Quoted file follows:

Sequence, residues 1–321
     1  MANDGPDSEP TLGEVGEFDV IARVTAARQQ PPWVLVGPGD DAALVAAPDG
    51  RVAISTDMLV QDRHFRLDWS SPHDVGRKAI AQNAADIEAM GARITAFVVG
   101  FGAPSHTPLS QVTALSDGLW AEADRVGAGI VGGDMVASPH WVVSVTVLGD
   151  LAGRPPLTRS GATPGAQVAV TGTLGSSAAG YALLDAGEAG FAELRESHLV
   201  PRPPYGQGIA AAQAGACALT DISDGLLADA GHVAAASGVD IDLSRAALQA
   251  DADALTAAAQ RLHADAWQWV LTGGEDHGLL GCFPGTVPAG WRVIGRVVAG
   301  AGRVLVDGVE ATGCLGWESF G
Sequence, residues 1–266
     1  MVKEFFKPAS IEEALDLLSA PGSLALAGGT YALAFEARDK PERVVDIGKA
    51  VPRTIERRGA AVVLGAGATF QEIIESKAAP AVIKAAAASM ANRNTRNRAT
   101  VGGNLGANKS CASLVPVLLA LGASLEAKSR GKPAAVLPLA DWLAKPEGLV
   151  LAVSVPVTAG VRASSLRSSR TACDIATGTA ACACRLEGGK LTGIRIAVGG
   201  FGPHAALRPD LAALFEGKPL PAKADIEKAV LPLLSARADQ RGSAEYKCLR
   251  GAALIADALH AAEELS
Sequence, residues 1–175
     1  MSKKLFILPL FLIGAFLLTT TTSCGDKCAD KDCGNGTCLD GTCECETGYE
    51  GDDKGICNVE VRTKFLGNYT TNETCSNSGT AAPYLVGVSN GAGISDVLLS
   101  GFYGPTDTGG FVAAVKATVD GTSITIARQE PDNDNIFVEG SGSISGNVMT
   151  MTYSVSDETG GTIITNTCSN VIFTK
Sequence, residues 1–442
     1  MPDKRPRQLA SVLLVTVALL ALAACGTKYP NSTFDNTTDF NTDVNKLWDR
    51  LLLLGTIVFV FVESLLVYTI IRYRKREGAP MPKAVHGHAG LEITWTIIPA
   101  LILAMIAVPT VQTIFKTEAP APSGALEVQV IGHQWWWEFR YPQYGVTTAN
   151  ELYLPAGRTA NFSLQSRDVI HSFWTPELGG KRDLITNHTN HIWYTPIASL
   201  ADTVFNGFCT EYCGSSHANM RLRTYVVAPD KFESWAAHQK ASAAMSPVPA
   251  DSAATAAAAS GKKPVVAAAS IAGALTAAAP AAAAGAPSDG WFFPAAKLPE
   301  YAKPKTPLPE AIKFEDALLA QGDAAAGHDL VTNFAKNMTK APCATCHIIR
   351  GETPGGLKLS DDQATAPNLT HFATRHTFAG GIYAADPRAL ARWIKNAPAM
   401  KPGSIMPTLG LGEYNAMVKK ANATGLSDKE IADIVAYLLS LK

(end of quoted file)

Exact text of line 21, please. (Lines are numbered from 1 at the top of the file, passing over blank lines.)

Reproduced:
Sequence, residues 1–442